Nov 20

Mets Release Partial Spring Training Schedule

The Mets released a partial spring training schedule this afternoon with 12 dates still to be filled in. This spring the Mets at a home-and-home with the Yankees, and so far four games against the champion Astros. The schedule also features games against the Braves, Cardinals and Nationals.

Feb. 23 Braves at PSL

Feb. 24 Cardinals at PSL

Feb. 25 Marlins at PSL

Feb. 26 Astros at West Palm Beach

Feb. 27 TBA

Feb. 28 Braves at Disney

Mar. 1  TBA

Mar. 2  Nationals at PSL

Mar. 2  Astros at West Palm Beach

Mar. 3  Marlins at Jupiter

Mar. 4  TBA

Mar. 5  TBA

Mar. 6 TBA

Mar. 7  Yankees at PSL

Mar. 8  Nationals at West Palm Beach

Mar. 9   Tigers at Lakeland

Mar. 10 Yankees at Tampa

Mar. 11 Astros at PSL

Mar. 12 TBA

Mar. 13 Nationals at West Palm Beach

Mar. 14  Marlins at Jupiter

Mar. 15 Marlins at PSL

Mar. 16 TBA

Mar. 17 Nationals at West Palm Beach

Mar. 18 Orioles at Sarasota

Mar. 19 Astros at West Palm Beach

Mar. 20 Cardinals at Jupiter

Mar. 21 TBA

Mar. 22 Nationals at PSL

Mar. 23 Cardinals at PSL

Mar. 24 Cardinals at Jupiter

Mar. 25 TBA

Mar. 26 TBA

Mar. 27 TBA

Mar. 28 TBA

Mar. 29 REGULAR SEASON STARTS

Nov 20

Mets Trying To Light A Fire Under Smith

Dominic Smith is done with the Mets if they are able to sign – and each one of these guys will get at least three years – Carlos Santana, Jay Bruce, Logan Morrison or Adam Lind, then where does that leave Smith?

Certainly not on the fast track to Flushing.

SMITH: Mets trying to motivate Smith. (Getty)

SMITH: Mets trying to motivate Smith. (Getty)

Smith did not distinguish himself last summer – but did hit nine homers in 183 plate appearances – and GM Sandy Alderson indicated as much, saying he “didn’t win [the job] in September.’’

Smith was the Mets’ second-ranked prospect at the time of his promotion, but despite the surprise in his power, he was a disappointment in his plate discipline and on-base percentage, and defense, which was supposed to be his strong suit. In addition, Alderson was upset, and rightfully so, about Smith’s conditioning.

“Dominic’s going to have to be careful about his conditioning, certainly in the next few years, if not throughout his career,’’ Alderson said at the GM Meetings last week. “He was in excellent shape coming into Spring Training. … As happens with any long season, fitness dissipates and he’s put on some weight.’’

If the Mets surprise us all and sign a free-agent, Smith will undoubtedly open the season at Triple-A Las Vegas. That’s fine for 2018, but what about the following two years?

Barring an injury, that would leave Smith stuck in the minor or a reserve, because for the money the Mets would pay a free-agent, he’d have to be above Smith. And considering his play last season, Smith would have to tear it up in the minor leagues in 2018 to build up his trade value.

Smith hit .198 with a .262 on-base percentage and struck out 49 times [with only 14 walks] in 49 games. Those are lousy numbers that don’t merit coming into spring training with a job waiting for him.

So, what are the Mets’ first base options?

There’s signing a free-agent, of course, which seems a long shot because the Mets don’t want to spend the money. They could go into next season with a platoon of Smith and Wilmer Flores, which probably is how they’ll go, or they could stick with Smith.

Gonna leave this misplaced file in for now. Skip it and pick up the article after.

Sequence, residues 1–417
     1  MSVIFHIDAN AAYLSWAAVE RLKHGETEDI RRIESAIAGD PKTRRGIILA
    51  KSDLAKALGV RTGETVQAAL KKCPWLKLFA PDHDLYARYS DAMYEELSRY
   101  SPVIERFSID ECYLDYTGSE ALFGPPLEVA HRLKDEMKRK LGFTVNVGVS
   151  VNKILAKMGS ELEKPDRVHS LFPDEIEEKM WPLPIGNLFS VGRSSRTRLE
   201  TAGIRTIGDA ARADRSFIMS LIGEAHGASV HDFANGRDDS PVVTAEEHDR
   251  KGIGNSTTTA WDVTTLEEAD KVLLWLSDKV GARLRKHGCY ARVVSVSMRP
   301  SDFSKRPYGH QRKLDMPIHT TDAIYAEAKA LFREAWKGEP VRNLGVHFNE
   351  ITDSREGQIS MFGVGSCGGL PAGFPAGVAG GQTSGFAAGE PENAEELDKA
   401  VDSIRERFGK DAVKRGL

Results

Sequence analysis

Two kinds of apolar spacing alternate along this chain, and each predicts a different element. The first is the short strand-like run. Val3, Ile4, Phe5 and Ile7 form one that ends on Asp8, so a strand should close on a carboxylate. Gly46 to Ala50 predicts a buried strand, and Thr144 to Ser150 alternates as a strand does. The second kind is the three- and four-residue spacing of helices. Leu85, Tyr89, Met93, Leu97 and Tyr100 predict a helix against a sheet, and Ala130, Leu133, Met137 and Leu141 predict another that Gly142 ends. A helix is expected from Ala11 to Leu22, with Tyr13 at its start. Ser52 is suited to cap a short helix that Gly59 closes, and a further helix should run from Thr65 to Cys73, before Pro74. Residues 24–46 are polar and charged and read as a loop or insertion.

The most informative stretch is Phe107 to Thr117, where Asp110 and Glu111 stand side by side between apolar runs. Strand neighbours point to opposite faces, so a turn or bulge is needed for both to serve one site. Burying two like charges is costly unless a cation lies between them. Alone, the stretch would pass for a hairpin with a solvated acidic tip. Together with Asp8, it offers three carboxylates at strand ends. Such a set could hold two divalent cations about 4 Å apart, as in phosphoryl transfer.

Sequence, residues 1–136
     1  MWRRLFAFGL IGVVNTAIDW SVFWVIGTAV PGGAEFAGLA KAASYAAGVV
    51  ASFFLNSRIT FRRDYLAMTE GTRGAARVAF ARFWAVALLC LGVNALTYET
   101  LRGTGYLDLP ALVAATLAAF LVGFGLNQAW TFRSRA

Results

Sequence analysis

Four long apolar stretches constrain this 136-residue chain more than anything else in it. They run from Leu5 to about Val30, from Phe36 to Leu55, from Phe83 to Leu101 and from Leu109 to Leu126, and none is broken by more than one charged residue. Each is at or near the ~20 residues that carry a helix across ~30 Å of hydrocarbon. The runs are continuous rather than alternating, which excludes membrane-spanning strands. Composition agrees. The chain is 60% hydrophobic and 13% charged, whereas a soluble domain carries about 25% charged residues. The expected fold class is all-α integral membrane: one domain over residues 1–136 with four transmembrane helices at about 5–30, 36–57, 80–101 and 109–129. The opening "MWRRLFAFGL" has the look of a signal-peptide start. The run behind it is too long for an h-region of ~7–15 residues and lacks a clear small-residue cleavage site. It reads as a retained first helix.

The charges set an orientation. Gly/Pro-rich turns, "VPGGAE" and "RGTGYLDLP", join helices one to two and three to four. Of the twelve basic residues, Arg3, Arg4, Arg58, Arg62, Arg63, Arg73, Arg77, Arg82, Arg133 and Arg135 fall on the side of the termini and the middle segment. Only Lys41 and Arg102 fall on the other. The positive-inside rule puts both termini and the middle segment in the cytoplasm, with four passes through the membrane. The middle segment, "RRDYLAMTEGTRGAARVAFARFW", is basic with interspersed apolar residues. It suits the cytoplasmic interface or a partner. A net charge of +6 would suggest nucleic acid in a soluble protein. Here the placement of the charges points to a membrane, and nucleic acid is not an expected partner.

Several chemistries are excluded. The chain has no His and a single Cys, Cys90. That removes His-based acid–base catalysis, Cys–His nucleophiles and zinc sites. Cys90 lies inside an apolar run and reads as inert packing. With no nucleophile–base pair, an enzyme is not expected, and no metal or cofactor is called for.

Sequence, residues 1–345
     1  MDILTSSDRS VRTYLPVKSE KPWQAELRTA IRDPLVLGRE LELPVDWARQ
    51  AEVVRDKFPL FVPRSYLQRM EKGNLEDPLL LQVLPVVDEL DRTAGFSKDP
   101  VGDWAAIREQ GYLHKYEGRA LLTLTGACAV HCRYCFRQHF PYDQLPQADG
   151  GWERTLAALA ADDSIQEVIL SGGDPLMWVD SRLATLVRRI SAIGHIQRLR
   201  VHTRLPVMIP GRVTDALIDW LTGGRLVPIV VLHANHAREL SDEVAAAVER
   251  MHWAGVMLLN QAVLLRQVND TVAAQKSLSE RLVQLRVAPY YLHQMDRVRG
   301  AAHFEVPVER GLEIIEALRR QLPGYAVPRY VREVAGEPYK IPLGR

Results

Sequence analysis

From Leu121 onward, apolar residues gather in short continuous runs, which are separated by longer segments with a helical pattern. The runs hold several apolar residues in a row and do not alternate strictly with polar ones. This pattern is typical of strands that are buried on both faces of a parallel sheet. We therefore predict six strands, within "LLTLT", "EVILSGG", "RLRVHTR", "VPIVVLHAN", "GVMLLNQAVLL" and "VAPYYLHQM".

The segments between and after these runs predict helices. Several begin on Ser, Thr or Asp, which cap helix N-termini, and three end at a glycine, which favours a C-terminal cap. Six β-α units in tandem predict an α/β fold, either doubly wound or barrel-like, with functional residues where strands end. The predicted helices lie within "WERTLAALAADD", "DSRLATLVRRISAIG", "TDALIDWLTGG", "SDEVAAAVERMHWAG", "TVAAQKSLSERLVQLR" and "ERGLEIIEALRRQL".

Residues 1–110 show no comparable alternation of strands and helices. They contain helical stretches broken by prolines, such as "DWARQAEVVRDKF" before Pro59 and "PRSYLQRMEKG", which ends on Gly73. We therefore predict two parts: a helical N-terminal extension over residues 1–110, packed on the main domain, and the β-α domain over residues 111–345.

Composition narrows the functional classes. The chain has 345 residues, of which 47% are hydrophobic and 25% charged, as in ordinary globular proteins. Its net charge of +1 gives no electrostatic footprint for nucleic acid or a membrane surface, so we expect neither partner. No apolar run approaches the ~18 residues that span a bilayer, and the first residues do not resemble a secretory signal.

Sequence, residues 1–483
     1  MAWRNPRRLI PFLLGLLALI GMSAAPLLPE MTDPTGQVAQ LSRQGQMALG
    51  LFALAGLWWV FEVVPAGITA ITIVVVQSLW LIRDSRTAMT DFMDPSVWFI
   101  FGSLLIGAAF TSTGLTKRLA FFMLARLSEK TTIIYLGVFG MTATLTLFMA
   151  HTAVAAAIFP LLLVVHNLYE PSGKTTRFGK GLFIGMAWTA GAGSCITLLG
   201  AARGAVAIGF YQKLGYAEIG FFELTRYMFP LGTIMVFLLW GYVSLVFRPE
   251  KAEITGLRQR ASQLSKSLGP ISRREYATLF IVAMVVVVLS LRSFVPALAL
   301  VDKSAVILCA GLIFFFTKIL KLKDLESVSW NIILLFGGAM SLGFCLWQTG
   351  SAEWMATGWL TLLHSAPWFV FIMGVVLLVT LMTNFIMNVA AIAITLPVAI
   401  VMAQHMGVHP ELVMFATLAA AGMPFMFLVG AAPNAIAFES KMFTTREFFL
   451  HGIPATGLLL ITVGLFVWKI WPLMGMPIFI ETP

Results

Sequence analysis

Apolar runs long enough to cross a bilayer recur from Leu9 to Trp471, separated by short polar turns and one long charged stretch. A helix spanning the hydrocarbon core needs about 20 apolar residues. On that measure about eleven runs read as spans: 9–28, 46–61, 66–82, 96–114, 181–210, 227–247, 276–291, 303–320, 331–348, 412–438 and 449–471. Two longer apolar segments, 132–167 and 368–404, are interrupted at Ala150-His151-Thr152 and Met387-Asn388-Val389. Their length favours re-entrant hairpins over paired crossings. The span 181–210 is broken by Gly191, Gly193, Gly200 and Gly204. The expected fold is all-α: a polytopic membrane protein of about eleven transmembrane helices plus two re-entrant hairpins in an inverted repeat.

I think the free-agent talk, coupled with the criticism about his weight, is designed to light a fire under Smith.

Nov 17

Is It A Coincidence Mets Tix Go On Sale After A Week Of Positive Storylines?

There were at least a half-a-dozen storylines that came out of the General Managers Meetings this week that if played out in the positive would change the perception of the Mets heading into the player acquisition phase of the offseason.

Among the storylines GM Sandy Alderson admitted:

ALDERSON: How positive is he really?  (AP)

ALDERSON: How positive is he really? (AP)

* Interest in relievers Joe Smith and Bryan Shaw, which would substantially increase the depth and quality of the bullpen. Alderson, however, wouldn’t disclose his budget.

* A willingness to discuss an extension for Jacob deGrom, which would fall under the classification of progressive thinking. Also falling in that category were promises to overhaul the medical staff.

* Not discounting partial interest in Japanese slugger Shohei Ohtnai. In fairness, Alderson said the Mets were open but did not say they were hot of the outfielder who also wants to pitch. Nobody expects the Mets will jump into the deep end of the Asian pool, but at least Alderson didn’t shoot it down entirely.

* Being open to trading some of their pitching depth, mentioning Robert Gsellman, Seth Lugo and Rafael Montero. In the small print under the headlines is the limited trade value of the above starters, who will be needed if injury problems with Matt Harvey, Steven Matz and Zack Wheeler continue.

* Positive news in Michael Conforto’s recovery from shoulder surgery to repair a torn posterior capsule. Also found in the small print was that possibly being able to swing the bat in late January doesn’t guarantee to be ready by Opening Day.

If all these storylines played out in the positive for the Mets, there would be a lot more to look forward to in 2018. It was a busy week in Orlando, and I mention these potentially positive storylines because today the Mets put single-game tickets on sale. Coincidence? You decide.